It was borderline offensive, to tell you the truth.

I do understand that a certain amount of suspension of disbelief is needed with some of these older films, and a lot of issues were sugarcoated for the censors sake (aren’t we glad we don’t have to deal with that anymore) but sometimes it just rings false, and I take issue with that here.


Despite all of these quibbles, the film does benefit from two very strong anchors carrying the film from start to finish.  Cary Grant received his first of two Oscar nominations for this performance (most likely for his teary eyed monologue with the judge regarding Trina) and it was deserved.  Even when the film sails into nonsensical territory, he sells it.  Even more impressive though, is Irene Dunne.  She is just magnificent here.  She has a less showy role, but she says so much with her eyes, and since she has those few scenes in-between segments that help tie them all together (she’s the one that switches out the records), you get this sense that she is filling every aspect of this movie with her presence and her character.  The supporting cast is less consistent.  Edger Buchanan is softhearted and moving, but Beulah Bondi is so stiff lifeless (despite trying to convey the thoughtful angel) and her character is so ridiculous that I found her off-putting. 

I know that this sounds like a lot of griping, but I really didn’t hate this.  I guess I just really expected so much more. 

So there you have it, entry number two!  Despite my issues with the film, I'm very happy to have seen it and don't consider it an early knock towards the overall strength of the films I chose for this year.  It had it's strengths, and they were enough to keep me watching, but upon reflection the film just had a lot working against it and it could not come up to my expectations, which I admit were very high.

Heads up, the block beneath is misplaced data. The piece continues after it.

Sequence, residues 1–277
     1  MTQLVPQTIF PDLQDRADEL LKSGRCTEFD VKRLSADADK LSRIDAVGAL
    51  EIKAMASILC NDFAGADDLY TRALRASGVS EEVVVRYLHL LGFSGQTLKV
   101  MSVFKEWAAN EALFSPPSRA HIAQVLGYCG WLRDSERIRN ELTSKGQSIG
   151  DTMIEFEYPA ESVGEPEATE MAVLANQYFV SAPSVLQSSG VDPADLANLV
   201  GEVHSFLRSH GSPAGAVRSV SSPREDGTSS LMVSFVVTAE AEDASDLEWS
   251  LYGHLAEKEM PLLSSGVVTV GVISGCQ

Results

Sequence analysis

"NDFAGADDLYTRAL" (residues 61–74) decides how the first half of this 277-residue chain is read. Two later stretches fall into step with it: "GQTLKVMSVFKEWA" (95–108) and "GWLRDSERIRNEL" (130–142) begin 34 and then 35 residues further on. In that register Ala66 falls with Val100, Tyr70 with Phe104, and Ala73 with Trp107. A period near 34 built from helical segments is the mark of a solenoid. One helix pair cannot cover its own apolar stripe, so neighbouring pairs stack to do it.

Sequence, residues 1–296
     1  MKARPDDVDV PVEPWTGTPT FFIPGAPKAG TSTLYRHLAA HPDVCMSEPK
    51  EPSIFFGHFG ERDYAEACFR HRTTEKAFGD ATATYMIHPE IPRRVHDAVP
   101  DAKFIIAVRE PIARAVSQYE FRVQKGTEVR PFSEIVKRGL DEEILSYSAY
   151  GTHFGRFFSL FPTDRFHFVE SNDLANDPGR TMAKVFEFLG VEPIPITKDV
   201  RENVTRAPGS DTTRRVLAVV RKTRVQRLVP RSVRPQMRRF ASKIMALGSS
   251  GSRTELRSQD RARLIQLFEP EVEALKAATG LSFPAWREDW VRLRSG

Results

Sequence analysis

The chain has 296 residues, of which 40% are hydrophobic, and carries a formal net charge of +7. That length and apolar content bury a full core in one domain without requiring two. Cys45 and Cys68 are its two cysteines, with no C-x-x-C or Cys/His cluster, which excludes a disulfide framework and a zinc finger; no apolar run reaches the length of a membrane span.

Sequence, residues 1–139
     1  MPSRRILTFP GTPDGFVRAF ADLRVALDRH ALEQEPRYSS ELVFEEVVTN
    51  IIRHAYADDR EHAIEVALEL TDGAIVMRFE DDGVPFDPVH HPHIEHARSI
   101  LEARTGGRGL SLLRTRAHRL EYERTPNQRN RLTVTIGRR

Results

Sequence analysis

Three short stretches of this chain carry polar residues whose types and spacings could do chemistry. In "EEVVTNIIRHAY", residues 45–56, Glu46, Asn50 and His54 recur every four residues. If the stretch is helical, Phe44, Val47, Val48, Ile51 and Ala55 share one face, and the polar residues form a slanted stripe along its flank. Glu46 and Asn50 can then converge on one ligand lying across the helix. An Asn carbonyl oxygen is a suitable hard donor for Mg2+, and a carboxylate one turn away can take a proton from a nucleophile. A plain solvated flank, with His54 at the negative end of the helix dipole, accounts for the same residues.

5 comments:

  1. Yeah, the film isn't one of the greats, but the two leading performances are solid. Glad you liked it overall man.

    I noticed on Amazon that you watched Blind Chance. Is that an '81 release for you then? I moved it to '87 recently. :/ (Also, random: Richard Dreyfuss just misses my '95 Best Actor lineup.)

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  2. LOL, yeah, I placed Blind Chance in 81 (where it isn't getting a lot, since that year is stacked) mainly because the actual release date is so far removed from the date it was filmed.

    And NOOOOO to Dreyfuss missing. He's my runner-up at the moment, but I understand. That year is stacked. I'm still working through it, but it's coming together.

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    1. I had BC in '81 for the longest time. Then I noticed it wasn't actually released then. :/

      I figured Dreyfuss was high on your list. I've got him right behind Sean Penn, Nicolas Cage, Morgan Freeman, Brad Pitt and Robert De Niro (Casino). At least I give the win in '77. :)

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  3. Just wanted to say thanks for writing a February post! I’d leave a longer comment, but I’ve never seen Penny Seranade myself – it’s a Blind Spot for me too.

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    1. You're very welcome! I can't wait for March to get here :-D